World War I ended and euphoria was the order of the day. Fashion responded by dropping waists to high hip levels and dresses became unfitted. While some gowns retained the design complexity of the Teens, the trend was toward Simplicity. Simple bodices, shaped using only a few tucks or shirring at the shoulders, or a little gather at the side seam reflected this new freedom. As the decade began hems lines perched above the ankle but in only three years skirt lengths had risen to unprecedented and – to some – shocking heights!
Necklines were usually a simple scoop or “V” but when collars were used they emphasized the long line. Sleeves were either long and straight or with bell shaping. Chiffons, light silks, soft velvets, lamés, lightweight wools and soft cottons made up the fabrics. Sometimes a sash was applied to the hip but dresses also fell in a straight line. Although dresses were simple in construction, detail was apparent in surface ornamentation such as embroidery, soft braid, and beading for evening; or fabric manipulation such as pin tucking or pulled threadwork. Tabard style sheer or semi-sheer dresses were worn over matching slips.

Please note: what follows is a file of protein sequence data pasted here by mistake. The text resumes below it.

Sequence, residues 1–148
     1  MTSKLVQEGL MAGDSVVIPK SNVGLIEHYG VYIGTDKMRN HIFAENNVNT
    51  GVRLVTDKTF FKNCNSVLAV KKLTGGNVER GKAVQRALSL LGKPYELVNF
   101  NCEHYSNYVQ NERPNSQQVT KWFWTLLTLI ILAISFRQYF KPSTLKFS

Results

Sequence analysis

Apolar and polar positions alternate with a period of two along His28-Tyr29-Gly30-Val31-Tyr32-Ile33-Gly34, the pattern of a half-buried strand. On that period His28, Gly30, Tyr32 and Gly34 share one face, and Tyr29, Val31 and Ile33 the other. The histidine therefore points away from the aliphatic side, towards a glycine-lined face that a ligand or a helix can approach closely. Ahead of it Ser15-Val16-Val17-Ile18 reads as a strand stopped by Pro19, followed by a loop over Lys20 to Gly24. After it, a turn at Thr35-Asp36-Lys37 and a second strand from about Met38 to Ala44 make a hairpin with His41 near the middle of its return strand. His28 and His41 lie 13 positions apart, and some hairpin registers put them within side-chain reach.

As the “flapper era” became established, hemlines continued their scandalous ascent and had reached the knee by 1926. The drop waist continued its popularity but skirts and bodices became more complex with seaming, circular flounces and floating panels. Decorative seaming, contrasting fabrics, and overlays began to appear. Quality, previously apparent by means of complicated fit and construction was now expressing itself through fabric and by manipulating a single layer of material. Time-consuming and costly beading was immensely popular, especially for dance dresses.
Skirt levels, that some believed were indecent, were tamed in the 1928/29 fashion collections and asymmetrical hemlines (knee length in the front, longer in the back) made their appearance to forecast the longer hemlines of the 1930s. Waistlines gradually rose to resume the position nature had intended.
Designers of the 1920s included: Patou, Molyneux, Chanel, Boue Souers, Louiseboulanger, Augustabernard and Vionnet.
Written by The Vintage Fashion Guild
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